From Science Daily:

Fuel cells convert the chemical energy stored in hydrogen (H2) into electrical energy by electrochemically “combusting” hydrogen gas with oxygen (O2) from the air into water (H2O), thereby generating electricity. As a result, future electric automobiles might be operated quite well with fuel cells instead of with heavy batteries. But for “cold” combustion of hydrogen and oxygen to function well, the anode and cathode of the fuel cell must be coated with extremely active catalysts. The problem is that the platinum-based catalysts employed for this contribute about 25 per cent of the total fuel-cell costs.

However, iron-nitrogen complexes in graphene (known as Fe-N-C catalysts) have been achieving levels of activity comparable to Pt/C catalysts for several years already. “Systematic investigation of Fe-N-C catalysts was difficult though, since most approaches for preparing the materials lead to heterogeneous compounds. These contain various species of iron compounds such as iron carbides or nitrides besides the intended FeN4 centres,” explains Sebastian Fiechter of HZB.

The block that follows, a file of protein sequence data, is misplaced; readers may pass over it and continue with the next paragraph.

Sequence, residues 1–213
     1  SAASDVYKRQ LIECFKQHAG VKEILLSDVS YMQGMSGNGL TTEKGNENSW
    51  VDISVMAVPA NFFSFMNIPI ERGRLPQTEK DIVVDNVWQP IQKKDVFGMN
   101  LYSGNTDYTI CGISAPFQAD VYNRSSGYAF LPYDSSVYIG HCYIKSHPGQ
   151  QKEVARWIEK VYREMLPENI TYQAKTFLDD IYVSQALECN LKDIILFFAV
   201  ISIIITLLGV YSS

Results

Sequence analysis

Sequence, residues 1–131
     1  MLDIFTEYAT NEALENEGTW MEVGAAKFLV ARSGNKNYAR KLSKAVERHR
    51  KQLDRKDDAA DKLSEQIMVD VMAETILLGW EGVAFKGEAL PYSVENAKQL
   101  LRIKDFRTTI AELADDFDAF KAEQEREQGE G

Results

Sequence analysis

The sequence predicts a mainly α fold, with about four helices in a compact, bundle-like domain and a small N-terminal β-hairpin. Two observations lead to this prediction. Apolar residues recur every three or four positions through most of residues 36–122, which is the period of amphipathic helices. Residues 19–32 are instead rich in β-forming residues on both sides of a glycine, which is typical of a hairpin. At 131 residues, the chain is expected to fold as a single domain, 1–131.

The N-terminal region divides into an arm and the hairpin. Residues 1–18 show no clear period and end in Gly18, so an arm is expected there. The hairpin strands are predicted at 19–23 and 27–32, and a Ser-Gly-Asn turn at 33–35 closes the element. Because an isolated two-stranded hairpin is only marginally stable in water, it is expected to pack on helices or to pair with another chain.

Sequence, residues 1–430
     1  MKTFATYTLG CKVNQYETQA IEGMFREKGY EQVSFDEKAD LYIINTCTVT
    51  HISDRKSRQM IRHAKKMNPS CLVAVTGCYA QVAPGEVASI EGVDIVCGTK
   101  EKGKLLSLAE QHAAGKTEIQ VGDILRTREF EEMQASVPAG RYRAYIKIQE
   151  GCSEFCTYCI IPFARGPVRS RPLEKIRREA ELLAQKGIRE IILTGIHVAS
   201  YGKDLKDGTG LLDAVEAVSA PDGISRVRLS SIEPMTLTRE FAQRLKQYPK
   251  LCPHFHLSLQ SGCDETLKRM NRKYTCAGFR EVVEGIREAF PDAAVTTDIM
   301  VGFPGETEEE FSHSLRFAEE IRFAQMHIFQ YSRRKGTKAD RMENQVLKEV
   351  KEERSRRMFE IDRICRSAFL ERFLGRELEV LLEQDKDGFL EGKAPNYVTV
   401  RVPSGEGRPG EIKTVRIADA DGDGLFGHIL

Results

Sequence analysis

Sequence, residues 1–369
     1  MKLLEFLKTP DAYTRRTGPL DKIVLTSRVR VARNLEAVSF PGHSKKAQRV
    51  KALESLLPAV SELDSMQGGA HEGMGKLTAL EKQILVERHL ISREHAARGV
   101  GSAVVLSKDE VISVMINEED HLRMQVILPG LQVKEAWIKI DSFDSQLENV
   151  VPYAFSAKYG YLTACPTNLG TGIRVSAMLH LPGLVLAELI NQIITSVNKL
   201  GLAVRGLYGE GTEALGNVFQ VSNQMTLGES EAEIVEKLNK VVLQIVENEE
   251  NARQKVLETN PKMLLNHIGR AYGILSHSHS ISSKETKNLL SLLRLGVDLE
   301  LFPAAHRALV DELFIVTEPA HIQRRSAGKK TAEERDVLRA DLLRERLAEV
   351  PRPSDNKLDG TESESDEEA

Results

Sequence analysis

High density of catalytically active centres

“We had already developed a new preparation method at HZB a few years ago to produce an inexpensive catalyst material from organometallic compounds such as iron or cobalt porphyrin,” reports Peter Bogdanoff, HZB. Ulrike Kramm and Iris Herrmann-Geppert improved the process for producing it as part of their doctoral studies at HZB. As a result, the metal-N-C catalysts developed at HZB held the world record for the highest density of catalytically active centres of various nitro-metallic compounds up to about 2011. However, it remained…

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